Hunza was once an independent state that was conquered by the British at the end of the 19th century. The Hunza Valley is part of the old Silk Road, along which the Karakorum Highway (short: KKH) runs today.
The valley is first of all a real highlight: From the central city, Karimabad, which is situated at an altitude of about 2500 m, you have a breathtaking view of the surrounding mountains, especially of the nearly 7800 m high Rakaposhi, whose white snowtop shines in the moonlight as it is enthroned above the landscape during the day.
Just as special as the landscape is the culture of the Hunza Valley. The inhabitants, the Hunzakuts, claim to be descendants of the soldiers of Alexander the Great – but genetic investigations refute this myth. However, the language of the indigenous population remains mystical: it has no relationship whatsoever to any other known languages or language families.
In addition to the landscape, the historical sites, especially the old forts and watchtowers, are also worth a visit. Baltit Fort and Altit Fort are to be mentioned here above all. In and around the Honza Valley there is plenty of opportunity for trekking – organised tours can also be booked if you don’t want to be on your own.
Larkana & Surroundings
Near Larkana you can visit Mohenjo-daro, the place where the oldest remains of the ancient Indus Valley culture (Harappa culture) have been found. The settlement was built around 2500 BC and is a unique cultural-historical testimony that teaches us much about the origins of early advanced civilizations in the South Asian region. At the same time, it holds countless secrets: The complex itself already raises many questions. Moreover, the script has not been deciphered to this day. Anyone who has ever been to Larkana can also take a look at the mausoleum of the prominent Bhutto family of Pakistani politicians.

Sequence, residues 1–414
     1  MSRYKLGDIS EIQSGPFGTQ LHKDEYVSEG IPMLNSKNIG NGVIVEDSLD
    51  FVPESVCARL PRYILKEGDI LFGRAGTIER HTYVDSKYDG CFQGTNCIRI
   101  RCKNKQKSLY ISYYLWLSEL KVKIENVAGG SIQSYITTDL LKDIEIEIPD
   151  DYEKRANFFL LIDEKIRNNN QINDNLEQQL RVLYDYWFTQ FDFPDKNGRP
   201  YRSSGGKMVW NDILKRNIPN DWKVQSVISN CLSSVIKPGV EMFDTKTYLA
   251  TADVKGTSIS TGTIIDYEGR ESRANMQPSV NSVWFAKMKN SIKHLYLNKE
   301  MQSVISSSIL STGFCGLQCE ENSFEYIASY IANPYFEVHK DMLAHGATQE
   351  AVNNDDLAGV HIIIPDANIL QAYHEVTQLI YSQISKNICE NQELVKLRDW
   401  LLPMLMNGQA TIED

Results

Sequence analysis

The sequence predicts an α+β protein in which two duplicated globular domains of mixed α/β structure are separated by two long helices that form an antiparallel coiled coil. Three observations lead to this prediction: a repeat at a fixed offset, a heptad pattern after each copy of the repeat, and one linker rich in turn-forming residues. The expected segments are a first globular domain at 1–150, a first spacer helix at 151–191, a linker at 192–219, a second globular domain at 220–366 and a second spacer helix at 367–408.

For your accommodation in Pakistan there are many options available from couchsurfing to a simple hostel to good hotels.
Couchsurfing is already widespread in Pakistan, and you will have little difficulty finding a suitable host, even beyond the big metropolises. You’ll get the most out of your trip because local contacts are always worth their weight in gold!
You can book hostels in the larger cities via Hostelworld. There you will find a good overview of available hostels at your destination. The prices are relatively moderate. Here are the average prices for a dormitory bed:
- Lahore: 5,82 €
- Islamabad: 12,98 €
If you like it a bit more comfortable, you won’t find it difficult to find good accommodation. Depending on your personal requirements, hotel rooms are available from around €16 per person – for a 3*** hotel you should plan on around €30.
Pakistani cuisine is a wonderful interplay of different traditions. The Indian (Hindustani) cuisine meets the Central Asian cuisine here, and the Mogul Empire has also left its mark on this rich and varied cuisine.
The cuisine of Punjab and Sindh is considered very spicy, the typical dishes of the other provinces are considered rather mild in taste. While this rather mild cuisine reflects the influence of Central Asian cultures, Punjab and Sindh are influenced by South Asia.
But there are also many new culinary blends and influences in the major metropolitan areas that reflect the modern lifestyle of urban Pakistan.
Pakistan is a Muslim country and therefore certain rules apply to food. Pork is not eaten. It is still common in some regions and in more conservative circles for men and women to eat separately – so don’t be surprised if you are travelling as a couple and are suddenly separated.
In addition, you should never top up your own glass. Your neighbour will do that for you. Conversely, you must also refill your neighbor’s glass as soon as it is less than half full.
The concrete table manners are however strongly dependent on the company you are in at the moment. In the metropolises, the educated young generation cultivates a much more relaxed, modern style, which is also reflected in the behaviour at the table.
Ramadan, the month of fasting, is strictly observed in large parts of the country. Eating and drinking, but also smoking, are forbidden during Ramadan in public during the fasting hours – be sure to stick to them!
The food in Pakistan, as in the whole South Asian area, is essentially very good and quite cheap. Of course you can also treat yourself to a nice meal in an exquisite restaurant, which is also considerably cheaper than in Europe. But also the food in small restaurants or at street vendors is mostly very tasty and costs between 2 and 3 €. As a daily budget you should calculate about 10 € per person if you want to travel cheaply.
Food in Pakistan